Resolver Pistol: Ideal partner for self-defense

Author: Ian Hogg

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The Resolver pistol is an ideal partner in self-defense. Some people have to carry pistols for self-protection all day but are usually given something heavy, which eventually gets tired of carrying. So one day, they leave it behind, and that’s the day they need it.

Moreover, many of these people are not weapons experts; in an emergency, they do not want to have to remember to take off the safety, cock the weapon, take up the correct grip… they want to pull out the pistol, point it at the enemy and start shooting.

Design

The Resolver pistol has been designed for these people. Finally, the Resolver pistol designer considered that there was no good reason for a large magazine capacity; if you haven’t disposed of the criminal in eight shots, you are unlikely to do so with 15, should you live that long.

Two models

There are two models. The basic M380 Resolver fires the .380 Auto cartridge (also called 9 mm short in Europe) and is a simple blowback automatic. There is no manual safety device, and the trigger mechanism is self-cocking. It is light and slim (only 0.65 inches thick) and can be carried all day without inconvenience, and when required, all that is necessary is to draw it and pull the trigger.

SITES M9 Resolver Pisotl was an ideal for self-defense
SITES M9 Resolver Pistol was ideal for self-defense (Photo: SITES)

For those countries where the law demands a safety catch, one can be provided; but there is, of course, no need to use it. Generally speaking, the 9 mm Short bullet is enough to deter the casual robber. Still, for those who feel that a more powerful cartridge may be needed, the M9 Resolver and M40 Resolver are available. This is a locked-breech pistol that can be had in 9 mm Parabellum or .40 S&W calibers.

Browning system

Breech locking is by the usual Browning tilting barrel system, but the dimensions have still been kept to the minimum, and this weapon is very little larger than the .380 blowback, being only 19.8 mm (less than three-quarters of an inch) wide. On request, it can be chambered for other cartridges, including the .38 Super Auto, 7.62 mm Tokarev, and .32 Auto.

Technical specifications: Resolver Pistol

Manufacturer: SITES SpA, Modulo Masterpiece, Turin, Italy
Type: blowback or short recoil (see below)
Caliber: .380 Auto, 9 mm Parabellum or .40 S&W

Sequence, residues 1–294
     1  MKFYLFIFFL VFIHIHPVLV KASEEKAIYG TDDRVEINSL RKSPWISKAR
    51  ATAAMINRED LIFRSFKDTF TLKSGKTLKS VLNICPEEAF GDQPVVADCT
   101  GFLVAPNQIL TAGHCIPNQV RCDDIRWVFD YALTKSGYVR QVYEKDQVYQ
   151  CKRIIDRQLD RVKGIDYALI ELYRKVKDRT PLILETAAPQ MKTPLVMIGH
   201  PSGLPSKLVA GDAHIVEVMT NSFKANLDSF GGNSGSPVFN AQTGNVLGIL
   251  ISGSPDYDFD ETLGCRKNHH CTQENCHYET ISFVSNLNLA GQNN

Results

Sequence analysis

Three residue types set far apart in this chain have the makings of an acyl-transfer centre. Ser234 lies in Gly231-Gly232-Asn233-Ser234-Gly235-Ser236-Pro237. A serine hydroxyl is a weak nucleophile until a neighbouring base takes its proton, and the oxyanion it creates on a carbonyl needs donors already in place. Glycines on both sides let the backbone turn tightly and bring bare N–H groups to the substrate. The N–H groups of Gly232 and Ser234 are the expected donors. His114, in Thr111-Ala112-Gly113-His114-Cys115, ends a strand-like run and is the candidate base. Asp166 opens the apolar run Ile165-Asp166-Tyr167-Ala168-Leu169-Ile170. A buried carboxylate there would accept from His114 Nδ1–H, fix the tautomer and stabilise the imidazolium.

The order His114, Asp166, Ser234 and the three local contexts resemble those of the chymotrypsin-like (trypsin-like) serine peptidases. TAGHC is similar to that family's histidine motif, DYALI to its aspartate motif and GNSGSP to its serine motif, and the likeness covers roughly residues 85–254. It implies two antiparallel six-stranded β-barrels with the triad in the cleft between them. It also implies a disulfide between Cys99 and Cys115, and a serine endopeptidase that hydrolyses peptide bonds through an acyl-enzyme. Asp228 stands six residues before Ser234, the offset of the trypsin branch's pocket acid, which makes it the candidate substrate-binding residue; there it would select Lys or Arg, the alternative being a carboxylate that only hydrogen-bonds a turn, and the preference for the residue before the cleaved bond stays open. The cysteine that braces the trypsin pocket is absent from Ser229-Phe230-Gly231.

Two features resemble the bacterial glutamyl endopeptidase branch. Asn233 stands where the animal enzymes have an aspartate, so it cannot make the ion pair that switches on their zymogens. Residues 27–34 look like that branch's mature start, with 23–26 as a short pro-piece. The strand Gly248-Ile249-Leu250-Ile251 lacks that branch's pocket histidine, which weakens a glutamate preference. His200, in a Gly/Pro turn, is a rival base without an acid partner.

Barrel: 5.9 – 6.3 in (150-160 mm)
Weight (empty): 19-23 oz (550-650 grams)
Capacity: 8 or 9 rounds
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1 thought on “Resolver Pistol: Ideal partner for self-defense”

  1. The endless discussion about the caliber ideal for confronting armed criminals always goes around the cartridge/caliber that seems ideal, and why, and the gun capacity etc. I’m a former Intelligence Officer, disabled War Veteran, still a Firearms Combat Instructor, a position I’ve started at in 1978, and today I own a Private Security Company, besides being an Attorney and Published Author on Military, Police, and Security Topics. I’m also an Inventor, and had Patented many inventions on these areas, being on Brazilian TV many times. To finish my resume, let me tell you I’m a Catholic Chaplain, being the only wheelchair riding Priest (Bishop) that celebrate Masses, and Combat Shooting Instructor that in my physical limitations still instruct other disabled persons as well as non disabled persons to defend themselves with firearms. So, let me tell you all that the problem with firearms and calibers is we are walking around the issue. We are trying changing what won’t make real differences, and never will: gun types, calibers, bullet designs, velocity x weight, and so and so. We need to change all to have a really effective projectile to stop a strong and determined agressor in his/her tracks: change from conventional bullets, to Darts, that Javelina-type projectiles much older in concept than the Round Ball, and of course the “modern” Firearm projectiles. We tested all kinds of projectiles against ballistic gelatin and get results much beyond the traditional firearms projectiles that appeared and evolved since 1600 up to and into the 21th. Century.

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